Some members of President Biden's economic team second guessed his infrastructure and jobs package this February and were worried that it could jeopardize the nation's long-term financial stability. As a result, the package's unveiling this week includes higher amounts of federal spending but also significantly more new taxes, The Washington Post reports.
"The choice to limit the impact on the federal deficit may help the White House counter critics who say that the nation's spending imbalance is out of control," the Post's Jeff Stein writes. "But it also sets up the administration for an enormous political challenge in convincing Congress to pass a package of tax increases on wealthy Americans and companies that together would represent the largest tax hike in generations."
According to the Post, the package's upgrade has exposed the Biden administration to "crosscutting demands" from key allies, creating tension as to how Democrats will balance investments in traditional physical infrastructure -- something that will garner more GOP support -- with child care and other social spending favored by progressives.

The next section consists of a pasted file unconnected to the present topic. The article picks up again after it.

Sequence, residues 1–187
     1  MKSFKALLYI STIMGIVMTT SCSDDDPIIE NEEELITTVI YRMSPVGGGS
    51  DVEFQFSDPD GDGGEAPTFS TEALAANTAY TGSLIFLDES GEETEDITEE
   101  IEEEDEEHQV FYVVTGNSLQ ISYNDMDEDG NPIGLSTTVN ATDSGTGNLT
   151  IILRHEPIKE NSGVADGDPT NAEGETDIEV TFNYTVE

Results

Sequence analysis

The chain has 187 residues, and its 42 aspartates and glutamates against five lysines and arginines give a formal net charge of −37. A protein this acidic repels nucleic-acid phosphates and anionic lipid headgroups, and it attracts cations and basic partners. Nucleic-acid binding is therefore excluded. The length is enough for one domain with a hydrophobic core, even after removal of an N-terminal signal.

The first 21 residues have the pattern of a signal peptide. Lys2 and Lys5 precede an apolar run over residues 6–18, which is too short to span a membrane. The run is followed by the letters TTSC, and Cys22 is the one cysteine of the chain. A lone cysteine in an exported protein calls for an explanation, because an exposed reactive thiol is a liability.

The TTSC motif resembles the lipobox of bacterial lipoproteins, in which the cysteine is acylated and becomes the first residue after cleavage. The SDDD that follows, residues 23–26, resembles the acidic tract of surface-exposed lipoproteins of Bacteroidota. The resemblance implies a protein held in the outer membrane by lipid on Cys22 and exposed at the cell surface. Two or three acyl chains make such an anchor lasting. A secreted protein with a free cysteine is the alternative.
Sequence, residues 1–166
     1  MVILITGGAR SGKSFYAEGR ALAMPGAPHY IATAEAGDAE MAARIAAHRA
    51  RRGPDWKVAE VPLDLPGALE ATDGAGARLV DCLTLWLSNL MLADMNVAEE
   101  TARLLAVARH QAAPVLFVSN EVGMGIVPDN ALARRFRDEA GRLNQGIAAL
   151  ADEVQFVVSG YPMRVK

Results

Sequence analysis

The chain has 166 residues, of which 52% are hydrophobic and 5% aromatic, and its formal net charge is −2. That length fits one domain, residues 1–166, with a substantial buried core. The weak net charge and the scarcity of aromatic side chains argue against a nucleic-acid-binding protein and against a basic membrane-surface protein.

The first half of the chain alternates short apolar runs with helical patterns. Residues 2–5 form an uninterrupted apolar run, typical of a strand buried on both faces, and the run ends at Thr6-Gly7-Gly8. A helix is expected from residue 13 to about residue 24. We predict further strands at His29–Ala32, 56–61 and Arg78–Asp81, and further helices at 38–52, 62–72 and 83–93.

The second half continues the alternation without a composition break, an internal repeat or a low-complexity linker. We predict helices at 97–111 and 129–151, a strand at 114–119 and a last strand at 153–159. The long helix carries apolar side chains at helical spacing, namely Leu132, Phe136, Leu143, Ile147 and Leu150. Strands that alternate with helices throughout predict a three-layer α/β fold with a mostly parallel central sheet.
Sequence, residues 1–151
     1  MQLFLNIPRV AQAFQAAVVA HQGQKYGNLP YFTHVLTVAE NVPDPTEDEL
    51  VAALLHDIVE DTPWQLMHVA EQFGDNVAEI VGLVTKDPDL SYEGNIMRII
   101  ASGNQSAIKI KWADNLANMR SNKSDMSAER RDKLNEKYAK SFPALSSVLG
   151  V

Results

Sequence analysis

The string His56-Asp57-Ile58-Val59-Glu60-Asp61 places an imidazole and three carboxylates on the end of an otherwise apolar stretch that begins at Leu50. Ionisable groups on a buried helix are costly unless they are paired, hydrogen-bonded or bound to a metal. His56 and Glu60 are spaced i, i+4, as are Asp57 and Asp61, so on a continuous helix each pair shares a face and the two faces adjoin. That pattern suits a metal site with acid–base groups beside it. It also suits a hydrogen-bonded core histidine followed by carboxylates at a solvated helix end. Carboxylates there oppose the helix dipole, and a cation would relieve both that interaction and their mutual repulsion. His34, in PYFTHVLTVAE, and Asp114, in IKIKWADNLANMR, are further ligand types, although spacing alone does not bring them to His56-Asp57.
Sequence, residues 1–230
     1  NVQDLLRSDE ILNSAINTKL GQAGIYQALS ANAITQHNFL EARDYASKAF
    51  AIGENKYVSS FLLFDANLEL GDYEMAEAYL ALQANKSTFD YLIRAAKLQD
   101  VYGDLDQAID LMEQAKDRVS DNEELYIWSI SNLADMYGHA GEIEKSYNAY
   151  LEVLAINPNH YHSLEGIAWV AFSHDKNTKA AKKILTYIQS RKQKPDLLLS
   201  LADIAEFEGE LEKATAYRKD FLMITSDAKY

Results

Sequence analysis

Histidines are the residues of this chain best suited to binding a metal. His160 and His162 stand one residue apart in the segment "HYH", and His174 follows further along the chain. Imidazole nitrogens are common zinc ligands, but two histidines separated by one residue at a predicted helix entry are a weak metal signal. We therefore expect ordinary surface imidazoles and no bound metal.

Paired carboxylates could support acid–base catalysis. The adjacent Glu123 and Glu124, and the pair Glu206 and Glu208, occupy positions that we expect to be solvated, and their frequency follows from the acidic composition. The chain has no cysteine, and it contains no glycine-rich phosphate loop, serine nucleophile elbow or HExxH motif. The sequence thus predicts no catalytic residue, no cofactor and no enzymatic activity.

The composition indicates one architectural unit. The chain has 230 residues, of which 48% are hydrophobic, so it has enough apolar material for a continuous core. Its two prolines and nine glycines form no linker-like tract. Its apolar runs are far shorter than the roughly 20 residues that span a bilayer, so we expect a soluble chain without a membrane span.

"We know that Republicans and particularly blue-collar men really like the physical building kind of infrastructure and see that as leading to good paying jobs for men in particular. And women and the Democratic base really respond to what you might call softer infrastructure — child care; school; caregiving responsibilities — which have come home very vividly during covid," Celinda Lake, a Democratic pollster who advised Biden's 2020 presidential campaign, told the Post. "It'll be a challenge, but they have a major opportunity here to do both in a way that both helps these constituencies and is majorly appealing to them as voters."
Read the full report over at The Washington Post.